Big Bob Burns
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Big Bob Burns

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This band has not uploaded any videos


The best kept secret in music


"Burns Returns"

Burns returns: Bob Burns, whose distinct rootsy vocals once defined the band Big in Iowa, returns to the performing scene as a solo artist playing Tuesday at Sudsy Malone's, Corryville. Also on the bill: Swarthy, Carrie Sample and Dusty Bryant.

Big In Iowa went on hiatus last year when Burns wanted some time off. Then the story gets a little ugly. When the dust settled the band reformed earlier this year without Burns. The only original member of the outfit is bass player Ken "Mr. K" Glidewell, who claimed a legal right to the band name. The reconfigured Big in Iowa plays Wednesday at the Knotty Pine, Cheviot.

Burns will pursue a solo career. - Rick Bird - Cincinnati Post

"Blurb From AMG Review"

Bob Burns still sounds like Van Morrison down to the warble emanating from his scarred and broken soul.
– Stanton Swihart
- All Music Guide

"Blurb From Flying Shoes UK"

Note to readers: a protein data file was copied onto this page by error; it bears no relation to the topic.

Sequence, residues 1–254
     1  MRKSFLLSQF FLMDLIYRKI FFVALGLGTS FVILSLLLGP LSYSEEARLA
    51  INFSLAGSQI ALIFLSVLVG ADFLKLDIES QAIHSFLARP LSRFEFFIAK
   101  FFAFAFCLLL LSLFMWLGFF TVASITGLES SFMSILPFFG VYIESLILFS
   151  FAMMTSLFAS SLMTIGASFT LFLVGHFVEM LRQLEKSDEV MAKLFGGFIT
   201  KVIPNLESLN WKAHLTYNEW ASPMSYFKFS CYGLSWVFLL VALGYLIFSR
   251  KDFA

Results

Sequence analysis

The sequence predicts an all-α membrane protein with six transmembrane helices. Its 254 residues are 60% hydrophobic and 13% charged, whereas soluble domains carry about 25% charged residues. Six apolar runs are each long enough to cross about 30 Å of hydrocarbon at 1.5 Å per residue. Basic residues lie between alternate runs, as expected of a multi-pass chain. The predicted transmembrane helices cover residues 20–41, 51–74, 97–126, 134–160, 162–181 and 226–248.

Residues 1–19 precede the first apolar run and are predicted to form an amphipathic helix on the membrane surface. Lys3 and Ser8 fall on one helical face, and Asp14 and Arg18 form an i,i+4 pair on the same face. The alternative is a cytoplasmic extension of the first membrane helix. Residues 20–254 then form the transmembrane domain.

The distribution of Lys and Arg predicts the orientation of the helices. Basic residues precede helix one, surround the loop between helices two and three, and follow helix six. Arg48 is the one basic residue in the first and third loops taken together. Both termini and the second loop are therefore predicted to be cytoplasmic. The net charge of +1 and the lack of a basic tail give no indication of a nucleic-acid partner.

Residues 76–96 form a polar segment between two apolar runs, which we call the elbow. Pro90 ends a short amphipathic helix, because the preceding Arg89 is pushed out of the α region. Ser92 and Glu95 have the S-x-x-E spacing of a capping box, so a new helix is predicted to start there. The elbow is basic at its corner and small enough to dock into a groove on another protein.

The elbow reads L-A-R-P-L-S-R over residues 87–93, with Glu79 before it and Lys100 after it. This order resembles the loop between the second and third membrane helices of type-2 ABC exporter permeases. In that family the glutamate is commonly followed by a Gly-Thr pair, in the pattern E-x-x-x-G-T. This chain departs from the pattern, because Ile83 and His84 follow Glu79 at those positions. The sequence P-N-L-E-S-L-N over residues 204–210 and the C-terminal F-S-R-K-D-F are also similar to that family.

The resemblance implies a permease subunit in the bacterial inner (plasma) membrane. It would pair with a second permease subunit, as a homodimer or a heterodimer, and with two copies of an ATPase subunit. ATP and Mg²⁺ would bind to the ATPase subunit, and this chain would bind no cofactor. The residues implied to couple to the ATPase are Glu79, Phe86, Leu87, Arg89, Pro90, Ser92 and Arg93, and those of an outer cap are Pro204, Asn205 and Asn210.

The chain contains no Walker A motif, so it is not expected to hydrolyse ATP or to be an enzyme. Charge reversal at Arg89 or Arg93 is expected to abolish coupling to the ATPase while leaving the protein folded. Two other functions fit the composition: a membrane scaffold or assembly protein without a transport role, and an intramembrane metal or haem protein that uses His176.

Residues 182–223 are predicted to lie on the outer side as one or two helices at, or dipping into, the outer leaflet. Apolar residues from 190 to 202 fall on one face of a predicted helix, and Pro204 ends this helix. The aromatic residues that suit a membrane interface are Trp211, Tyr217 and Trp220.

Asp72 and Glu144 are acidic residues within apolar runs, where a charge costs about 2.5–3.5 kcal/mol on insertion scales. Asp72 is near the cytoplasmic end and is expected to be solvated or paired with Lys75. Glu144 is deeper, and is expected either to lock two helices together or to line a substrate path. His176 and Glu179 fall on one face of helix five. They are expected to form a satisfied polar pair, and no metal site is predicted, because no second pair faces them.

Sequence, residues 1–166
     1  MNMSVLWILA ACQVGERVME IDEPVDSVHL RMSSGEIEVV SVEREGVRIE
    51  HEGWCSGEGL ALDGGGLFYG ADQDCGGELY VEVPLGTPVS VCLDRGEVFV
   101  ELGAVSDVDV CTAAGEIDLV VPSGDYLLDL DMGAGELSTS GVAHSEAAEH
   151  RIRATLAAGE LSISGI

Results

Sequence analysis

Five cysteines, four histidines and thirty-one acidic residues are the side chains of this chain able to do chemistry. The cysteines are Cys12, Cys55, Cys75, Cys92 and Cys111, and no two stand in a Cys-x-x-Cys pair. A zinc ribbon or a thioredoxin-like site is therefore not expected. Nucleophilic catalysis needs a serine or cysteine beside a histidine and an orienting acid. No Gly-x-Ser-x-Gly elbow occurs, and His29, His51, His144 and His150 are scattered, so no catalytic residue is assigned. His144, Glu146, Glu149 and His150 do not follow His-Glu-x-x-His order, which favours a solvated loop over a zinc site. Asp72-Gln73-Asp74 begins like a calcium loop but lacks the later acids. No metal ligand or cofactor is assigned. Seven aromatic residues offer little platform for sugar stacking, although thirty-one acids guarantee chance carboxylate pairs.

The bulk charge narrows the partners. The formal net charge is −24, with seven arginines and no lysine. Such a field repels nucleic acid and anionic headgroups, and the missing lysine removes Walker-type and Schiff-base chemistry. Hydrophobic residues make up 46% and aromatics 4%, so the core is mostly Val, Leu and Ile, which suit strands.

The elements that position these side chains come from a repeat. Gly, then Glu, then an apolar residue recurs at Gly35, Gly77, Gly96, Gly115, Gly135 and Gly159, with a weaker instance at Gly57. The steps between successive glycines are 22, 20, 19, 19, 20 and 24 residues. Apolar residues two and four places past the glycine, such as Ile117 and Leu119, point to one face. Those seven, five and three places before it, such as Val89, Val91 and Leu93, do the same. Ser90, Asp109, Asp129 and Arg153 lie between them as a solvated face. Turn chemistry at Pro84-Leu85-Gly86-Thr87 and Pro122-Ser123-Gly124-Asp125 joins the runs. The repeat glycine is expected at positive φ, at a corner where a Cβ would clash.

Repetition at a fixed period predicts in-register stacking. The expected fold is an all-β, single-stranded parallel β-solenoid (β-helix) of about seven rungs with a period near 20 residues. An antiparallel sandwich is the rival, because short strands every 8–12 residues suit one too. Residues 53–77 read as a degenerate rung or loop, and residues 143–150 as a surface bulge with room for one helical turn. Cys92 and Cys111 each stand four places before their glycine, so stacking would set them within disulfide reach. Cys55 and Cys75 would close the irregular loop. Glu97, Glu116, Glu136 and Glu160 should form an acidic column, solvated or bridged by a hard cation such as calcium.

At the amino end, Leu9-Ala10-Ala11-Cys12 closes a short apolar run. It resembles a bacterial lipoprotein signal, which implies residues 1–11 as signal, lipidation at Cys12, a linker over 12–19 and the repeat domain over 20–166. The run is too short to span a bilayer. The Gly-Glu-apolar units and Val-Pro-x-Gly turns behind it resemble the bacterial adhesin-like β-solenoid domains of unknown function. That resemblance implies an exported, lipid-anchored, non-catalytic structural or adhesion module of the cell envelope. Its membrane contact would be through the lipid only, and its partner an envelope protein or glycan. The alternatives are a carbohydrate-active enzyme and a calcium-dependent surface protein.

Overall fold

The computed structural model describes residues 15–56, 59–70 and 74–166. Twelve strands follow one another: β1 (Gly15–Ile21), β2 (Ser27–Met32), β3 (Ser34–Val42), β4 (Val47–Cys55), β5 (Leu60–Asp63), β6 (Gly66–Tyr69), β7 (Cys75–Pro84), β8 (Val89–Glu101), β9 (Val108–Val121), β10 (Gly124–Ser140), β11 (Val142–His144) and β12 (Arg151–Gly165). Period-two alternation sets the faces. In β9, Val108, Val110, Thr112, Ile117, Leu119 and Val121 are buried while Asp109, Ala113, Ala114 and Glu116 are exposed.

Bob Burns' voice has just the right timbre to evoke memories of Van the Man, John Fogerty and even Jagger occasionally. It's a great rock voice, as in great, not just ok, great! It's full of shades of the real soul-men that the aforementioned Brits. studied in the first place. He's not bad at re-writing in the classic style either. – Shaun Belcher
- Flying Shoes UK

"Blurb from Blue Suede News"

Burns’ vocals often remind of Van Morrison’s, and musical comparisons come by way of The Byrds, Credence Clearwater Revival and roots rock darlings The Backsliders. – David J. Klug
- Blue Suede News


I don't have any CD's under my belt as a solo artist, but I have 5 CD's with my former band Big In Iowa. We were signed to Blue Rose Records and received international airplay. You can hear samples from the Big In Iowa days at:

and you can hear some acoustic demo's of my new songs here at Sonic Bids.

To see all Big In Iowa albums released, go to:


Feeling a bit camera shy


Bob Burns is the former lead singer and songwriter for the internationally renowned band “Big In Iowa”. While Big In Iowa are still together with Ken Glidewell as the only original member left, Bob split ways with the band in February of 2002 due to irreconcilable differences. Bob is currently taking his time writing songs and awaiting his first-born child. His next project will be a Not Lame Records tribute to Buffalo Springfield in 2005. Bob is currently putting a band together to complete his debut solo record.